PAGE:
Second Amendment activists across the country should pay close attention to the trial of a Des Moines Register reporter, scheduled to begin Monday, not so much because of the charges, but because of something the newspaper’s executive editor reportedly said that is important about rights.
At the time of her arrest, reporter Andrea Sahouri was covering a protest and clash between demonstrators and police last May 31 at a mall. She had left her press credentials in her car, according to published reports. She was following the protest when she was pepper sprayed and arrested, and faces charges of failure to disperse and “interference with official acts,” according to a report in her newspaper.
But the newspaper stands firm behind its 25-year-old journalist, and Executive Editor Carol Hunter called Sahouri’s lack of her press ID is a “red herring.” According to Fox News, Hunter maintains police knew immediately Sahouri was a working journalist, and—the story says—a press badge isn’t required to enjoy constitutional protections.
And this is where Second Amendment advocates would chime in, concurring with Hunter’s analysis. Working reporters should be no more required to flash a press badge to convince authorities they’re on the job than should gun owners be required to possess a license to carry a firearm. Sahouri was exercising her rights under the First Amendment. The gun owner is exercising his or her right to bear arms protected by the Second Amendment.
All rights being equal, gun advocates could easily argue, Sahouri’s case is a no-brainer and she should be acquitted. Maybe, as her supporters have argued, she should not have been prosecuted at all.
— Andrea May Sahouri (@andreamsahouri) June 1, 2020
Today, about 18 states have adopted what are generically called “Constitutional carry” statutes that allow law-abiding citizens to carry firearms openly or concealed without the necessity of a permit or license. That could be an important consideration in states such as Washington, where the application process for concealed pistol licenses as suspended by scores of issuing law enforcement agencies following the outbreak of COVID-19 last year. Those services were not available for several months, a scenario for which there is no provision in state law. While some agencies continued accepting new applications, others did not, which might weaken any defense of the shutdown, should there have been legal action.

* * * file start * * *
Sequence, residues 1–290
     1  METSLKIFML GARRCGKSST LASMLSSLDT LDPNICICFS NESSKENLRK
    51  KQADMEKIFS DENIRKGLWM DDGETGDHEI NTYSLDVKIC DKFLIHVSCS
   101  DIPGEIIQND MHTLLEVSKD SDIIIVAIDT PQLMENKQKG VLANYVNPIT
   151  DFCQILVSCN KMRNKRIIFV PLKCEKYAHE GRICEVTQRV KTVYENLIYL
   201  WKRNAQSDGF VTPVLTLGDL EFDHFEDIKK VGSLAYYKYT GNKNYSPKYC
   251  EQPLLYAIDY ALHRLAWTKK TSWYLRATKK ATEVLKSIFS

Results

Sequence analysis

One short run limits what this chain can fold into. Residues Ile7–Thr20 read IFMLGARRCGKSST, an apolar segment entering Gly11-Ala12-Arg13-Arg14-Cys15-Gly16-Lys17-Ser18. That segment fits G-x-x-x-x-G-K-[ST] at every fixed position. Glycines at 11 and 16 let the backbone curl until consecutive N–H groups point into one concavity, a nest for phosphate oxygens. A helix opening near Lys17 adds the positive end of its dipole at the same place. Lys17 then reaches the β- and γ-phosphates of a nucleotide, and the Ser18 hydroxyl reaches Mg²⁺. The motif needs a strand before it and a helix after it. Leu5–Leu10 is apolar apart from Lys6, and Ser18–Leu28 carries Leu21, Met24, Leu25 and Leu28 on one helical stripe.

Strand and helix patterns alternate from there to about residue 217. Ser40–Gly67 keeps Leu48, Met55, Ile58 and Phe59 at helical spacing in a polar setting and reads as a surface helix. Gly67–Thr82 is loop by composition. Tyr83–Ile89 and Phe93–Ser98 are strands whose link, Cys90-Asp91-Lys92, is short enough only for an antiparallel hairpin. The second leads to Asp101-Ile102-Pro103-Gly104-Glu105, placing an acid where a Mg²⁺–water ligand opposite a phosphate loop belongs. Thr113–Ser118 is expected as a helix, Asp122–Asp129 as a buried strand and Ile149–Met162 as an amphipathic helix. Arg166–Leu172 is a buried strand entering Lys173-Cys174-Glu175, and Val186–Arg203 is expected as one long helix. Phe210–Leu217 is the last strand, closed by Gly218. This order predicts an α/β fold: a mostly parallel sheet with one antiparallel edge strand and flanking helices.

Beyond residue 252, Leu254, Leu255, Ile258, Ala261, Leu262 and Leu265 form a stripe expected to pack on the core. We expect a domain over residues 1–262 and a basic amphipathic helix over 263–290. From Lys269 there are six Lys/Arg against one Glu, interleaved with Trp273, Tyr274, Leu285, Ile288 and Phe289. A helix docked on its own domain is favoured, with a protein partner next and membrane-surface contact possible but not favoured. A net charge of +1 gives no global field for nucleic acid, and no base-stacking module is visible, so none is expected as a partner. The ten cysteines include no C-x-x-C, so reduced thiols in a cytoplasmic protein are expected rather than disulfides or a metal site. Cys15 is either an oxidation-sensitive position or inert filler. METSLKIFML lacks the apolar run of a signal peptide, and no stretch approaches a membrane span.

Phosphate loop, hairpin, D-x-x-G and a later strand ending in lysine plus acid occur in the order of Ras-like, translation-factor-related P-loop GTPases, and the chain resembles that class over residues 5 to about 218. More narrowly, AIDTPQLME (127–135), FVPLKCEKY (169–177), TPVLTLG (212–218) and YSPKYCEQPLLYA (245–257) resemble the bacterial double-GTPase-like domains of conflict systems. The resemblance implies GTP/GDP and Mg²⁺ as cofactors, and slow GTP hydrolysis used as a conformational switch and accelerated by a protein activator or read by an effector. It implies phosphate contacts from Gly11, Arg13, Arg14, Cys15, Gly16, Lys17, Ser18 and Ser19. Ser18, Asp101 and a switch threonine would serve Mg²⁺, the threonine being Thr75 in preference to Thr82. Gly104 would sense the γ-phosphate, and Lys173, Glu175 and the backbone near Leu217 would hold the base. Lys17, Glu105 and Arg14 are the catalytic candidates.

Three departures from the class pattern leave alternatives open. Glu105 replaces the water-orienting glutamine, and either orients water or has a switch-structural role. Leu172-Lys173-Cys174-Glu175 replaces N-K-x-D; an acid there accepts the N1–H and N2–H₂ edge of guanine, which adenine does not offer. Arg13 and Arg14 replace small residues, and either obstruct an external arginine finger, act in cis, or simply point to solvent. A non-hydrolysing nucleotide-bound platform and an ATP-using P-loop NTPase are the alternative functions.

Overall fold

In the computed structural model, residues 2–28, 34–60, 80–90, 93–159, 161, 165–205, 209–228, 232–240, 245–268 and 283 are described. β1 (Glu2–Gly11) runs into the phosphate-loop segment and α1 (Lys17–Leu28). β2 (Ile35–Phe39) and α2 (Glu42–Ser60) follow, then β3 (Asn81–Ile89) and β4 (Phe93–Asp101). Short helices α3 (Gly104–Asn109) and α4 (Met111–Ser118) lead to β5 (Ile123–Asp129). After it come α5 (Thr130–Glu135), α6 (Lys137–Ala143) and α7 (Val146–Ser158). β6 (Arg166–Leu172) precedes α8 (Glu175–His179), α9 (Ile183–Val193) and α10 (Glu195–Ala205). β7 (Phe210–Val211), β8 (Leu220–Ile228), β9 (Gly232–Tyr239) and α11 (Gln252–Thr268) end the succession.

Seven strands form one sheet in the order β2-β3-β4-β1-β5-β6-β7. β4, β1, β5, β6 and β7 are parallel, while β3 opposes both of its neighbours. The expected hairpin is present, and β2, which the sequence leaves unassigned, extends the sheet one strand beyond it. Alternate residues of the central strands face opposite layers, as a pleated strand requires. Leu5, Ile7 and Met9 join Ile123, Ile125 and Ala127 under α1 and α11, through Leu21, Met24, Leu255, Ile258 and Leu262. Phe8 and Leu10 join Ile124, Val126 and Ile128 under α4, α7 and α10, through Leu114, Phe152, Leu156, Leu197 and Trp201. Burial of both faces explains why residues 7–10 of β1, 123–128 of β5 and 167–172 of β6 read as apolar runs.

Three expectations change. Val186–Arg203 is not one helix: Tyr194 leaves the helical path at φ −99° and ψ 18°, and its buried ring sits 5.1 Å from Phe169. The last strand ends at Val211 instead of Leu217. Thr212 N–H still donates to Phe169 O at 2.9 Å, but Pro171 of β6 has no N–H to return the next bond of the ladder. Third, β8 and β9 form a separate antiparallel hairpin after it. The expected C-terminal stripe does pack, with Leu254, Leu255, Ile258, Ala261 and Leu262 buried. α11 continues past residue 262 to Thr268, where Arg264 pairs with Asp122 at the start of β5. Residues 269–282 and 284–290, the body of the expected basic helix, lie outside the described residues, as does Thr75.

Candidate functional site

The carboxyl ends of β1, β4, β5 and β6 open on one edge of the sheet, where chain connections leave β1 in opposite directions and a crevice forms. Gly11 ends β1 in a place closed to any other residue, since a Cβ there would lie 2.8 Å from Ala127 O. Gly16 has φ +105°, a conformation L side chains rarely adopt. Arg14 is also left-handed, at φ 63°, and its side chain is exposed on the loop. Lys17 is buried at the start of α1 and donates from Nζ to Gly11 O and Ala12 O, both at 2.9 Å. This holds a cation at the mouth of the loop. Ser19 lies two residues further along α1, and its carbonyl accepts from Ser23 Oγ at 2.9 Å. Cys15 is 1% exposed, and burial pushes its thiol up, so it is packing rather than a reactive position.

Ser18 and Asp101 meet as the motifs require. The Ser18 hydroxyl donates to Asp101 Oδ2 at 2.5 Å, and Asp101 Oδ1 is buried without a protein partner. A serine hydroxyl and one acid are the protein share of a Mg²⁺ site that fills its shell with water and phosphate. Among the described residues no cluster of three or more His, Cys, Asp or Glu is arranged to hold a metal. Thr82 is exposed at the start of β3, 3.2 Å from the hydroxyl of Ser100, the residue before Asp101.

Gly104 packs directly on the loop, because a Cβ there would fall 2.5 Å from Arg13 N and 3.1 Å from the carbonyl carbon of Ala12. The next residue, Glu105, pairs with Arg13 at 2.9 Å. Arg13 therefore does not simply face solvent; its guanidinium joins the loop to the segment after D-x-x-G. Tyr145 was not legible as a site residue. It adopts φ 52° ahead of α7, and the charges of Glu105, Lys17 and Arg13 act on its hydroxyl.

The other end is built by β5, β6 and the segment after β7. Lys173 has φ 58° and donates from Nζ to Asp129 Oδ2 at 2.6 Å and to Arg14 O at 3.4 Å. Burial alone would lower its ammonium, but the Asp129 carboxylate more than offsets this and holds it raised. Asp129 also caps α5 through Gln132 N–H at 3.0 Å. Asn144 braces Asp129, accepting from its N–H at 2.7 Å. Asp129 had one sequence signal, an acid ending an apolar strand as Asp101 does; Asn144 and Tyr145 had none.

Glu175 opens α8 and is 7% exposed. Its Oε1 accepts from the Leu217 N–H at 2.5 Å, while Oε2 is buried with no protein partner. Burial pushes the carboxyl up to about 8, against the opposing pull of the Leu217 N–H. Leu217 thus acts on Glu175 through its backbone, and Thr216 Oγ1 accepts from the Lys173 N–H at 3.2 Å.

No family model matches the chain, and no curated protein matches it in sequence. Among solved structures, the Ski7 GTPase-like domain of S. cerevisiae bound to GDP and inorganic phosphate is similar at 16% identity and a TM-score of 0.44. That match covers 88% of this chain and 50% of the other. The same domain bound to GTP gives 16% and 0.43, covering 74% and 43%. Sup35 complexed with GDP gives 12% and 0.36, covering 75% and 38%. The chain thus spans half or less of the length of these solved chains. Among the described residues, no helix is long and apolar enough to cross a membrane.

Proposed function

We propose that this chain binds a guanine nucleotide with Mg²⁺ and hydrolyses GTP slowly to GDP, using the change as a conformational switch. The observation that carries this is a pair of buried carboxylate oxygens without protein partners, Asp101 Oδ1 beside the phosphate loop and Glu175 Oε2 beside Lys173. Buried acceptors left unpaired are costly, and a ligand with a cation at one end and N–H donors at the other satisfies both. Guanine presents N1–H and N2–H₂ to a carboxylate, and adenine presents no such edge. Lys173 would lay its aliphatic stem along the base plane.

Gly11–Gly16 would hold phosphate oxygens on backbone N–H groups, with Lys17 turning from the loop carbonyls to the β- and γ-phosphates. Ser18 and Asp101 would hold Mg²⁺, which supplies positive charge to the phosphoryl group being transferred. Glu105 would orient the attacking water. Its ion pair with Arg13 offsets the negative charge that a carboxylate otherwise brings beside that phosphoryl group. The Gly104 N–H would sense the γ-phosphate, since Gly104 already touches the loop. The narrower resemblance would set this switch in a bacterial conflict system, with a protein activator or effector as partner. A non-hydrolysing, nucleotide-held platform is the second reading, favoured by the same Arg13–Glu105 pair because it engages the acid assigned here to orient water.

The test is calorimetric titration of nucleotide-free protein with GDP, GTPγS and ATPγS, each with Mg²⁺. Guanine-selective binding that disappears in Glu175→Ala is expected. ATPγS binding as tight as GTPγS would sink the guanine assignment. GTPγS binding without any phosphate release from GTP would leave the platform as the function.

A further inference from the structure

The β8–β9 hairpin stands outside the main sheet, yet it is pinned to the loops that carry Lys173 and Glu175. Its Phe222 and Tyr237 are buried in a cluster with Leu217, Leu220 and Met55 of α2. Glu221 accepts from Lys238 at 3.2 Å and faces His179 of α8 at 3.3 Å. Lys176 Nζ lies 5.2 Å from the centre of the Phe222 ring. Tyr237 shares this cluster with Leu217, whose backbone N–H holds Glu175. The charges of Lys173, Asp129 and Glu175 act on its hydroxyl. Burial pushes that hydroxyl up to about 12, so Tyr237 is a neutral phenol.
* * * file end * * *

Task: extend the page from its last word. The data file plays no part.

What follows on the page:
Back in Des Moines, Sahouri had been covering protests for at least two days prior to her arrest. When she was arrested, according to published reports, she “repeatedly” identified herself as a reporter on the job. Register editors and attorneys demanded her release. Instead, authorities have reportedly been “aggressive” in this case.
In an editorial defending its reporter, the Des Moines Register observed, “Freedom of the press stands alongside freedom of religion, speech, assembly and petition as the rights guaranteed by the First Amendment of the U.S. Constitution.”
Likewise, the First Amendment stands next to the Second, which is supposed to protect the right of the people to keep and bear arms from infringement by the government. But gun rights activists know newspaper editorial boards all-too-frequently don’t defend that right as zealously as they defend the rights protected by the First.
Sahouri’s predicament is not unlike that experienced by gun owners who merely wish to exercise their rights protected by the same Constitution as the Register and its reporter are now using in their legal battle.
Rights are rights, and in the Second Amendment community, eyeballs roll whenever journalists doing their jobs fail to recognize the second tenet in the Bill of Rights as equal to the first.